Qur'an burning threat sparks more protests
Pastor cancels book burning planned for 9/11 anniversary
Tensions remain over a U.S. pastor's threat to burn copies of the Qur'an, even though he has cancelled those plans.
Afghans protested for a third day on Sunday against Rev. Terry Jones and his church in Florida. The Gainesville pastor called off the book burning at the last minute on Saturday. He told NBC's Today show he has no plans "ever" to burn Islam's holy book.
Despite the announcement, a protest by about 600 people in eastern Logar province turned violent Sunday.
At least one person was killed and five were injured as Afghan security forces opened fire to prevent demonstrators from entering the offices of the governor of Baraki Barak district.
At least 11 people were reported injured across the country during anti-American protests on Friday.
Police said four demonstrators and five police officers were injured in clashes in the northern province of Badakhshan after protesters attacked a NATO base.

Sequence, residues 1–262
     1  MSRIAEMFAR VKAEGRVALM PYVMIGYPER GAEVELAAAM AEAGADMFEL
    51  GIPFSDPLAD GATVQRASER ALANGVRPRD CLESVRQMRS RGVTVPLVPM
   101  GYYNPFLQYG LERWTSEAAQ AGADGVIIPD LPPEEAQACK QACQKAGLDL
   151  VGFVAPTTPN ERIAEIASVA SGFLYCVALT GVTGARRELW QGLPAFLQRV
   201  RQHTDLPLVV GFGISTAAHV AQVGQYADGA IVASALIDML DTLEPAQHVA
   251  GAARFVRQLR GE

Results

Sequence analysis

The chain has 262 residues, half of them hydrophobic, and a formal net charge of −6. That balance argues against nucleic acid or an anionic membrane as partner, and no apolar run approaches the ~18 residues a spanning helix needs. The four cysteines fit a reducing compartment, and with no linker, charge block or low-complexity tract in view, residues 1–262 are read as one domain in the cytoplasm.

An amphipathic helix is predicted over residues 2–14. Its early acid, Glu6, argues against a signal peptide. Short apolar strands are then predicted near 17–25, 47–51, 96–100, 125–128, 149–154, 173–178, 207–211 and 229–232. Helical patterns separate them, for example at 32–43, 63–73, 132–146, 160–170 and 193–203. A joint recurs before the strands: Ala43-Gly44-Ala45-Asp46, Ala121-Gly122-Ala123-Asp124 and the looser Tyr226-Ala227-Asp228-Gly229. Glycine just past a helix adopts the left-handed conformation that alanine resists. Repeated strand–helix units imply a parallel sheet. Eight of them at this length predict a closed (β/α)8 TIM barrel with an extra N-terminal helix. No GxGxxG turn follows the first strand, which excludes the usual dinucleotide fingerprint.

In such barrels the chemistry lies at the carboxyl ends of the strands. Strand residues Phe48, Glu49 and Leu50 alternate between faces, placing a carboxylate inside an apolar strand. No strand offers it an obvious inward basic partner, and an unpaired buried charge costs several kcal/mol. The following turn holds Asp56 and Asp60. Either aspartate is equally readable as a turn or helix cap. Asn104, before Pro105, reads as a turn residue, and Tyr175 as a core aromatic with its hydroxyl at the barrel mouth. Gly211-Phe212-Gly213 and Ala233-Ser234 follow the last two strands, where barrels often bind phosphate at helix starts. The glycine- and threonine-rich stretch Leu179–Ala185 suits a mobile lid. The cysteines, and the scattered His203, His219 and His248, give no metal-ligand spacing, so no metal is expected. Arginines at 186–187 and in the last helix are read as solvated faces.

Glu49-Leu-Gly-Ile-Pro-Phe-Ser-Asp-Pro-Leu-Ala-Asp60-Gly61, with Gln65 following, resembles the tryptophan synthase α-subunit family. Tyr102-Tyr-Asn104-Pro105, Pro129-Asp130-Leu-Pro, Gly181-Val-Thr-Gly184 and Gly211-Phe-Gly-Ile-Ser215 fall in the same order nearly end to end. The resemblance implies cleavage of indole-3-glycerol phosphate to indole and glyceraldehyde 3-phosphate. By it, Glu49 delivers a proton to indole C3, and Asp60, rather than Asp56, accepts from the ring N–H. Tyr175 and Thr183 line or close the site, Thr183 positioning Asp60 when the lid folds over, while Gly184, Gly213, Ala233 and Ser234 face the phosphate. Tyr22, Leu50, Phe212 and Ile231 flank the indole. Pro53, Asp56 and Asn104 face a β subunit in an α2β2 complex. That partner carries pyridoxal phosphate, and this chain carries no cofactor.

Indonesian Christians attacked
Demonstrations have also taken place in several cities in Indonesia over the past week.
On Sunday, police reported that assailants on motorcycles stabbed a Christian worshipper in the stomach and pounded a minister in the head with a wooden plank near a former church outside Jakarta.
Neither of the injuries appeared to be life-threatening.
No one has claimed responsibility for Sunday's attacks. But suspicion immediately fell on Islamic hardliners who have repeatedly warned members of the Batak Christian Protestant Church against worshipping on a field housing their now-shuttered church.
Local police Chief Imam Sugianto said Asia Sihombing, a worshipper, was on her way to the field when she was stabbed.
He said the Rev. Luspida Simanjuntak was beaten when she tried to come to Sihombing's aid.
With files from The Associated Press